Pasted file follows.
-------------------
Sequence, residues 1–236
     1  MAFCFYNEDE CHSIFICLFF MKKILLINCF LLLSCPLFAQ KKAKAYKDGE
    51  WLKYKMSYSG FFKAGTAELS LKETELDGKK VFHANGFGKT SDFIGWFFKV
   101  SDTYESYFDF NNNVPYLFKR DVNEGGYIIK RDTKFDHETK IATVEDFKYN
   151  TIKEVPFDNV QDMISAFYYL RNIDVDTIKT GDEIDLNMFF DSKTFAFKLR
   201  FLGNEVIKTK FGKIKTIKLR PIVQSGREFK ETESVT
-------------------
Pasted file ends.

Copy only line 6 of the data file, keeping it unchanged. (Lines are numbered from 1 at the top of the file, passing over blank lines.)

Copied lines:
   201  FLGNEVIKTK FGKIKTIKLR PIVQSGREFK ETESVT